Perfect disarm, perfectly timed, with great skill. That adds up to good Active Self Protection! Lots for us to learn here.
UPDATE: News story…the officer is a lady! https://get-asp.com/yync
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Original video of the disarm is available in our Instructor Development Portal.
What does this video teach us about an effective disarm?
- Sometimes the danger that you must protect yourself and your family from isn’t evil, but is rather deranged. People who aren’t in their right faculties can be a real danger to your family, even if they are not inherently evil. You need the attitude, skills, and plan to protect yourself from evil AND from non-evil threats that pop up! Here we don’t have much context to know if the person is deranged and a threat to themselves, or to others, but regardless, the disarm was money!
- The eyes may be the windows to the soul, but the hands are the windows to the intent of a person. If you’re in a potential conflict, ALWAYS pay attention to what the aggressor is doing with their hands. They might have a force multiplier in their hand, or they might be hiding their hand so that you can’t see what is in it or using their hand to conceal something. If their hands are empty, there is a difference between someone with fists and someone whose hands are open and relaxed. As a self-defender your situational awareness must include seeing the hands of any potential threat in your vicinity, so watch the hands! The officer knew the danger was in his hands, obviously, and knew the disarm had to dominate there.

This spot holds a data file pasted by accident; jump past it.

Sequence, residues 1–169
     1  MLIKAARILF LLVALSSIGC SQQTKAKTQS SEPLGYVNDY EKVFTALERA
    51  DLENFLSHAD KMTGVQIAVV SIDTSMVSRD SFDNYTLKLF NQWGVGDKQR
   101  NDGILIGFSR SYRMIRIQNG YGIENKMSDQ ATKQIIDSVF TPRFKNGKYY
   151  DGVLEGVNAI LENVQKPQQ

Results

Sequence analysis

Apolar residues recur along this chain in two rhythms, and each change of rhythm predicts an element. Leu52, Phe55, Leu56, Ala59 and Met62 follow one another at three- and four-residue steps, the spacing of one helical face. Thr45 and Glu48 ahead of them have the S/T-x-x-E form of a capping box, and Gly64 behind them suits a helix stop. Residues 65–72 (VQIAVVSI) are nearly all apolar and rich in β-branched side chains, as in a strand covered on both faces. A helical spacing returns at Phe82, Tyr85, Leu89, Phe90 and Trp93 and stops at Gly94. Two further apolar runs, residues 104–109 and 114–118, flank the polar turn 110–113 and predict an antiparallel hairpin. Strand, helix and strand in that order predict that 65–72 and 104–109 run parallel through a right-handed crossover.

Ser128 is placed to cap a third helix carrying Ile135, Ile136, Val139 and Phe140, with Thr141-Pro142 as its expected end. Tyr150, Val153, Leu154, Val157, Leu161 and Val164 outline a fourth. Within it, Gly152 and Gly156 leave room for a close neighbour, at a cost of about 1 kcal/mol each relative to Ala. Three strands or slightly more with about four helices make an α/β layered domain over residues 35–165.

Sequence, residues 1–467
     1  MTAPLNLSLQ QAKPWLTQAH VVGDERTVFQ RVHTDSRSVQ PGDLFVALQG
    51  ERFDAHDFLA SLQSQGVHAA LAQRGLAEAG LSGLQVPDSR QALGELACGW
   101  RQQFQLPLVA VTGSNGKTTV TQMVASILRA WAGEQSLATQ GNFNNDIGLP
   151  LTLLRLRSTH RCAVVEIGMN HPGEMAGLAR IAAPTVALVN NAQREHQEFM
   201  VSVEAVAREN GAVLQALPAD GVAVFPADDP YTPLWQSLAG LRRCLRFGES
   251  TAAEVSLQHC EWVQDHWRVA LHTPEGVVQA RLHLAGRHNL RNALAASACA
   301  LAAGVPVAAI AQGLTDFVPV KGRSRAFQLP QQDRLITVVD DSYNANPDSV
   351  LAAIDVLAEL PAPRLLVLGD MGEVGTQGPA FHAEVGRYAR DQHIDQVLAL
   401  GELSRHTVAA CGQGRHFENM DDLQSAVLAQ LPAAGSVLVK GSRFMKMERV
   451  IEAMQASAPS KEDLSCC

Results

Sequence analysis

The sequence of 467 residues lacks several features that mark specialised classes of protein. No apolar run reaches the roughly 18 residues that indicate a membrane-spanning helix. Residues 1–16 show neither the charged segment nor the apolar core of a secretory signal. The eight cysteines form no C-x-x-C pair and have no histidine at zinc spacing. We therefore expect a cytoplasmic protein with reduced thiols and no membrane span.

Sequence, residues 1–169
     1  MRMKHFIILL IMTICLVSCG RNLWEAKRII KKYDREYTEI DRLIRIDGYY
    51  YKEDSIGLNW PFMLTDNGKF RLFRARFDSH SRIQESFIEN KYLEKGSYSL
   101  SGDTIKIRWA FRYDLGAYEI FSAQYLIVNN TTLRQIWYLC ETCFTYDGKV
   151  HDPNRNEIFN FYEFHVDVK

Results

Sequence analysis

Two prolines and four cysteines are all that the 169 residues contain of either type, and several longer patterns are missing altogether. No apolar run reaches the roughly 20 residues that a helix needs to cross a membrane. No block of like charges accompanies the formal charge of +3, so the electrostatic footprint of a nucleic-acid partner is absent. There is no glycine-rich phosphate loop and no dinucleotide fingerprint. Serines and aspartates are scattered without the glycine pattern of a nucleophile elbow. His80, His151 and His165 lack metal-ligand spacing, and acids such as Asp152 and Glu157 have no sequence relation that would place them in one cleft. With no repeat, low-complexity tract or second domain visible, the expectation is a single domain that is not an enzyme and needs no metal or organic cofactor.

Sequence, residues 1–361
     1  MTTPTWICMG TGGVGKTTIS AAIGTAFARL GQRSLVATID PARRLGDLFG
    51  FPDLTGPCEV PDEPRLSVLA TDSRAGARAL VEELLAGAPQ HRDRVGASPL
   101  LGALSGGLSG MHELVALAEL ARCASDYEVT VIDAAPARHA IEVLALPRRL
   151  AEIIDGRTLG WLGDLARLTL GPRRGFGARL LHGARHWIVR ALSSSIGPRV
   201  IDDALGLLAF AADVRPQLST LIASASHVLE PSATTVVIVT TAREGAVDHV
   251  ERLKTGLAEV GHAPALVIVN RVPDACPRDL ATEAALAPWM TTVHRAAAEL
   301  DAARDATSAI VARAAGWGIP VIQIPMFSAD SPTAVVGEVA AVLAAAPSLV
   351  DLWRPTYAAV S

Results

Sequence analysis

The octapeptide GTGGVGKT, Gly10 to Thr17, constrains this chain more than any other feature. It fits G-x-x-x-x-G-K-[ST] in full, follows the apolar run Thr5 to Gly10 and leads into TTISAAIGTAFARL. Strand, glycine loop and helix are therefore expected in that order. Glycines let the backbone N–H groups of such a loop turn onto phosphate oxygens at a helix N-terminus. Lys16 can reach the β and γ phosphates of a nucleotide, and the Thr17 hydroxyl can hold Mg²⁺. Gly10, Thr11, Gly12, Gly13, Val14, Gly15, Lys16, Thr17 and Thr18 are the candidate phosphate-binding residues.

- Part of your training must be knowing when to use verbal commands, and when to abandon verbal commands and move to physical or deadly force. Many times self-defenders (and LEO) get caught in a loop of issuing the same command repeatedly to no effect. Using verbal commands is an important part of your force options training, and part of that training in verbal commands is knowing when to talk and when to stop talking and act. The disarm here is a good example of moving from verbal to physical options.
- In a deadly force encounter, decisions of life and death will be made in the blink of an eye. On the range and in class we have time to consider and to think and to reset and to make multiple attempts, but when the balloon goes up in real life you’ve got fractions of seconds to decide what the best course of action is to protect yourself. The way to be better at decision making in the heat of the moment is training, specifically scenario training and force-on-force training that is designed to work on decision-making skills under stress. It’s offered all over the country, so get training! Clearly this disarm didn’t come out of the blue; the officer trained it repeatedly.
Attitude. Skills. Plan.
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